- Program management by Michael Thiry
- AntiPatterns in Project Management by Brown, McCormic, and Thomas
- This is an interesting take-off on the programming antipatterns book. It basically outlines common project management problems and gives ways for correcting them. The layout is a little odd if you're not a programmer but you get the hang of it pretty quickly.
- It's helpful if you get off-course on a project, but it also helps with interviews - if the interviewer describes a problem you have a solution, or at least a familiarity with the problem
- How to Delegate (Heller)
- If You Want It Done Right, You Don't Have to Do It Yourself (Genett)
- Essential Managers Project Management (Hobbs)
- Kanban and Scrum: making the most of both (Kniberg, Skarin)
Project Management Blogs
Agile and Lean
- Agile & Iterative Development - A Manager's Guide by Craig Larman
- Really good overview of Agile background, terminology, flavors
- This is a free download
- Great quick overview of the two methodologies along with ways to implement them together
- Kanban and Scrum: Making the most of both by Kniberg & Skarin
Dealing with the People Side
- My own - The Socially Intelligent Project Manager
- Not specific to project management but very useful
- Also not specific to project management but lots of good stuff on influence management here
- Peopleware by DeMarco & Liste
- Influence: They Psychology of Persuasion by Cialdini
Websites (all the podcasts also have websites with material)
- The Girls Guide to PM
- If you're really thinking about getting into project management, it's worth the price of admission to join PMI.org. That gets you into projectmanagement.com where there are endless articles and tons of webinars, new ones every week.
Project Management tools to learn about:
- Atlassian Series: particularly Jira and, both of which have free versions. Confluence is an intranet product. Jira is an agile development management tool.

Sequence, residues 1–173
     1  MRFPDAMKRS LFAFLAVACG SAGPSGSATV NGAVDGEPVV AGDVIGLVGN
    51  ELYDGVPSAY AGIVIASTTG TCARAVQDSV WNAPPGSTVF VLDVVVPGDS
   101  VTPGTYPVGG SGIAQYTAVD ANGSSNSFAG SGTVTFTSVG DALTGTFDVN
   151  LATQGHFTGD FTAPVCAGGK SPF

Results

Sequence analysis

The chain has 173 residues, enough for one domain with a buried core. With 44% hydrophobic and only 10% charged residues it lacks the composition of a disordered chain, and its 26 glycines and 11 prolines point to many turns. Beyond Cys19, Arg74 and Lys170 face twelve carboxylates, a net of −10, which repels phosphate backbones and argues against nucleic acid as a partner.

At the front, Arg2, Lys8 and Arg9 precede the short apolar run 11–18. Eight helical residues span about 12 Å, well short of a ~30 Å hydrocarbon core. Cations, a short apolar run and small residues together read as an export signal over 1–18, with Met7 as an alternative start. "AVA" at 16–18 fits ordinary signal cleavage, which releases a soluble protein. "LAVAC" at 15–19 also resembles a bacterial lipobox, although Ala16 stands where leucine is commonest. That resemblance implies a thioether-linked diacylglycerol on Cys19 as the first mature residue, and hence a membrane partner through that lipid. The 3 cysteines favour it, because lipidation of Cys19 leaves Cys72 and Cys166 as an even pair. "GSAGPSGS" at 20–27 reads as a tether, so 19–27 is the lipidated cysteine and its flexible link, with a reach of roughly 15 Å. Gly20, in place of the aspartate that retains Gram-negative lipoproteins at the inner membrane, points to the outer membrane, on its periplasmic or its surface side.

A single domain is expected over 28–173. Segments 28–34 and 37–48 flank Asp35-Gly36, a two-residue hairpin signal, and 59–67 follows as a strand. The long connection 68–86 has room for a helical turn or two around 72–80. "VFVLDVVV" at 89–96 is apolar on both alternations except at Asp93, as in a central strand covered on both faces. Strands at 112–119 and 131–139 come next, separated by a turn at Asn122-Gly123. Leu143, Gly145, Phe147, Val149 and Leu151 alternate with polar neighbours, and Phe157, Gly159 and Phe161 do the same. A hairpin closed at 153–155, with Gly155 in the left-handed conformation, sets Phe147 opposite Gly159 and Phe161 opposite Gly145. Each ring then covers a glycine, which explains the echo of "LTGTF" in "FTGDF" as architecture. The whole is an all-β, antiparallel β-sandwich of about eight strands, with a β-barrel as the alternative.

- Trello (recently purchased by Atlassian), also free for one user. Trello is for managing Kanban projects.
- Wrike: I was really impressed by Wrike when it was first announced and it's really come into its own. Wrike is a full-featured project management application with a nice, intuitive UI. It can be used by beginners and casual users pretty easily, but also encompasses standard project management functions. With a library of templates, including a set of agile templates, a lot of the set-up work is done for you. Integrations with Outlook and Google calendars make individual updates and reminders easy. Lots of views are available. Overall, Wrike is a great choice for all kinds of organizations.
- Basecamp is used by a lot of small companies. It's more collaboration than project management, but good to know if you're going to a small company. There's a free version.
- Asana is also used by a lot of small companies. It's come a long way in the last few years. Asana is a SAAS (hosted) project management and communication tool. It's UI is a little different than most project management tools, which means that project managers will need to search for a while to figure out how to deal with dependencies, sub-tasks, etc., but it's a bit more intuitive for those without previous project management experience. Automatic notifications, integrations with Gsuite, and other nice communication tools make it easy to keep everyone in the loop. Some of the graphing and reporting are also a little non-standard but all are usable. For organizations (like schools) with many repeating/cyclic projects, there is an excellent template function that can help roll improvements back into the template without needing to research the last cycle's review notes. Documents can be easily referenced as well.
- Free Gantt Chart software - this is a pretty current list. I think that TeamGantt> andTom's Planner> are especially good choices.